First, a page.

Given their prevalence in recent years, earnings management and financial restatements have been at the center of much of the discussion surrounding corporate malfeasance. This study builds a probability model for predicting the likelihood of earnings restatements by analyzing the trends in and the deviations from the industry averages of the return on assets, accounts receivable turnover, net profit margin, and operating cash flow to net income measures. Data are obtained for a sample of 104 firms (restating as well as non-restating) for the 2000 to 2001 period. The results suggest that deviations from the industry average of the accounts receivable turnover and the variability in the cash flow to net income provide good barometers for detecting fraudulent accounting. Potential restating firms have higher accounts receivable turnover rates than their industry counterparts and downward trends in their cash flow to net income, so an increase (decrease) in the accounts receivable turnover (operating cash flow to net income) significantly increases (decreases) the likelihood of a restatement, at least in the current study.
This paper examines the location of innovations within solar technology, using U.S. patent citation data to trace their diffusion over time. Knowledge clustering is clearly present. We employ multivariate left-censored Tobit regression analysis to control for identifiable factors, to examine whether the distance between successive innovators has changed over time. We find the distance to be increasing slightly over time, both when considering all citations and only inter-city transfers.
This paper examines the evidence on the clustering of innovators within the telecommunications sector, using U.S. patent citation data to trace their locations over time. While clustering is clearly evident, we use multivariate left-censored Tobit regression analysis to control for identifiable factors, showing that the distance between successive innovators has been rising over time, perhaps even exponentially.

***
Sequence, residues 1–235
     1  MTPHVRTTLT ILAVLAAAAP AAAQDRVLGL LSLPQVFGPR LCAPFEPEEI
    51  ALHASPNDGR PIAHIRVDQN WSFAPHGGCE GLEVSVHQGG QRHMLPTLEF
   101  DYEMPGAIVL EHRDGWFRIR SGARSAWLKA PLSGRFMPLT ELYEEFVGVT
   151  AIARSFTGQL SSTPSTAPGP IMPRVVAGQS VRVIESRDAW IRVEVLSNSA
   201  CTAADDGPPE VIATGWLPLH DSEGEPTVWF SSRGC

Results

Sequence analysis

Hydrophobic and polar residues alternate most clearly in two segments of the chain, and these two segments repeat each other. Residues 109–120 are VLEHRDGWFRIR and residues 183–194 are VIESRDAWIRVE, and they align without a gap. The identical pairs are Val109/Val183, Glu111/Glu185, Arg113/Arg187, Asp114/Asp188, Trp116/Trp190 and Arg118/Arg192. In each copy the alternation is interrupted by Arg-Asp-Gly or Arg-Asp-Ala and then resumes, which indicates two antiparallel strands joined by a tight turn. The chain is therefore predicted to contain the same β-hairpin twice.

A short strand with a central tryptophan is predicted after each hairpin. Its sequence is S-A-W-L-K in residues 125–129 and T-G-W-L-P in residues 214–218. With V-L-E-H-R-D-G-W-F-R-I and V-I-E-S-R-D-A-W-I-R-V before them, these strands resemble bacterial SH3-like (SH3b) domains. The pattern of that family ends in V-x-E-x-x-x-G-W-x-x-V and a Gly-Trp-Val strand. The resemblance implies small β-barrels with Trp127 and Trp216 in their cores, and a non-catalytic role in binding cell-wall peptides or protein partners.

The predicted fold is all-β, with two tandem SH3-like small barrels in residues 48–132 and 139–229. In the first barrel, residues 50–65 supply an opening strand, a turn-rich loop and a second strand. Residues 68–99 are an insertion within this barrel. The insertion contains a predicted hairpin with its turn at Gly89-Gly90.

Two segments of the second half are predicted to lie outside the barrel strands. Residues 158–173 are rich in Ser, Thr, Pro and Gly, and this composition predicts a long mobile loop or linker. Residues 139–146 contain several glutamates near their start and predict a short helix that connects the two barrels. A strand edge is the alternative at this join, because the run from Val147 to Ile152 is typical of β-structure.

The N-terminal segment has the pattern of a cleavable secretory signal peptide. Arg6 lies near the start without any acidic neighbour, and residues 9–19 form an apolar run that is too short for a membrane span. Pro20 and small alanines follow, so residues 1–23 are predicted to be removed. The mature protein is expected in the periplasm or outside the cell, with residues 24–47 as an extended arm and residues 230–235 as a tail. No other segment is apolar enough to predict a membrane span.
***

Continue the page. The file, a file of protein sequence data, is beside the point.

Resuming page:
Seventeen years after 10 USC 654 banned openly gay service members on the grounds of negative impacts to unit cohesion, military effectiveness, morale, good order and discipline, the United States officially military ended "don't ask, don't tell." During this period, significant evidence emerged from the actions of other western US allies revealing that the biggest story of repeal was no story at all. Remaining quietly behind the public discourse, many political and senior military leaders refused to acknowledge the evidence that ran contrary to the fundamental arguments set forth in the current policy. The most notable effect is a persistent gap between the martial masculine values inherent in military culture and the evolving attitudes towards the society that pays the bills. Although DADT repeal has been treated as a policy issue, the reality is that until military leaders acknowledge it as a leadership issue, inequity between the demographics within the armed forces will persist.